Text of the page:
|Name||All Saints Church of England Primary School, Freshwater|
|Ofsted Inspection Rating||Requires improvement|
|Inspection Date||03 May 2017|
|Address||School Green Road, Freshwater, Isle of Wight, PO40 9AX|
|Religious Character||Church of England|
|Number of Pupils||87 (52% boys 48% girls)|
|Number of Pupils per Teacher||16.1|
|Percentage Free School Meals||16.1%|
|Percentage English is Not First Language||1.1%|
Information about this school
All Saints Church of England Primary School, Freshwater, is a much smaller-than- average-sized school. It has four mixed-year classes. The vast majority of pupils are from a White British background. The proportion of pupils who speak English as an additional language is below that seen nationally. The proportion of pupils who qualify for the pupil premium is above the national average. The proportion of pupils who have special educational needs and/or disabilities was well above the national average, but has reduced to be broadly average. The proportion of pupils who join or leave the school during the year is well above average. The school meets requirements on the publication of specified information on its website. The school did not meet the current government floor standards in 2016, which set minimum expectations for pupils’ attainment and progress. Since the last inspection there have been several changes in staff, including at senior leadership level. Leaders have experienced difficulties in recruitment of staff due to the school’s geographical location. The school receives support from Halterworth Consortium.
Summary of key findings for parents and pupils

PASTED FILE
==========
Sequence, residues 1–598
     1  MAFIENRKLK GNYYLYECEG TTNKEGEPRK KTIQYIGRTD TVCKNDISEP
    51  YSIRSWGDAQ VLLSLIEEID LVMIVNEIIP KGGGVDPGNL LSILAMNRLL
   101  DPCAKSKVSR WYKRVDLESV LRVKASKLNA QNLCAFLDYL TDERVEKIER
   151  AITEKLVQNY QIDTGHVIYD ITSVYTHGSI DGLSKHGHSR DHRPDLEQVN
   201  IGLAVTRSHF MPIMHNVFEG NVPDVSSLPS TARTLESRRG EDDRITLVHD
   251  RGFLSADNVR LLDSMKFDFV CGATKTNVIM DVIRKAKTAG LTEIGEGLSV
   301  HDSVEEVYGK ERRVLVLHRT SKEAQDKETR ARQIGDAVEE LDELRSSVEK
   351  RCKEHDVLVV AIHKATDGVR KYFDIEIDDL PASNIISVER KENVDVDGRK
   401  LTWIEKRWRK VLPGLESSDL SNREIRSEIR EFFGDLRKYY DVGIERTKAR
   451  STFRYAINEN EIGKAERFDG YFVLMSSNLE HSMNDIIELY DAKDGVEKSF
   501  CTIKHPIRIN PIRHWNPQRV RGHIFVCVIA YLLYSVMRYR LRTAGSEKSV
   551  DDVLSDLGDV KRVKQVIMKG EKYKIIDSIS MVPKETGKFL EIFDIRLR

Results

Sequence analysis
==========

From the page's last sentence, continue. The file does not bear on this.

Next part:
This is a school that requires improvement Over time, significant turbulence in staffing has hampered leaders’ and governors’ attempts to raise standards, particularly in mathematics and phonics. Some leaders, who are relatively new, do not evaluate the impact of their actions carefully enough. They do not always know precisely which actions are making a positive difference to pupils’ outcomes. The most able pupils do not always achieve as well as they should. Some teaching does not challenge pupils to think more deeply about their learning. Pupils who have special educational needs and/or disabilities do not make the progress they are capable of. The quality of teaching is variable across the school. Although a focus on strengthening lesson planning has secured improvements in writing and reading, this has not filtered through securely to the teaching of other subjects. A legacy of staff changes has meant that some pupils have not made enough progress in key stage 1 across all subjects. The school has the following strengths Leaders and governors have an accurate understanding of the strengths and weaknesses of the school. Plans are focused on the right things to further improve the school. Children in Reception make strong progress. The imaginatively designed environment meets children’s needs and interests well. Children are keen and enthusiastic about their learning. Achievement by the end of key stage 2 in reading and writing is in line with pupils nationally. The headteacher’s thorough monitoring and support are improving teachers’ and leaders’ skills. As a result, the quality of teaching and learning is improving. Leaders have worked effectively to highlight the importance of regular attendance. Pupils’ attendance is now good. Disadvantaged pupils make good progress. This is because staff understand their needs well. Pupils’ personal development and welfare are supported effectively. Pupils are well behaved and friendly towards each other.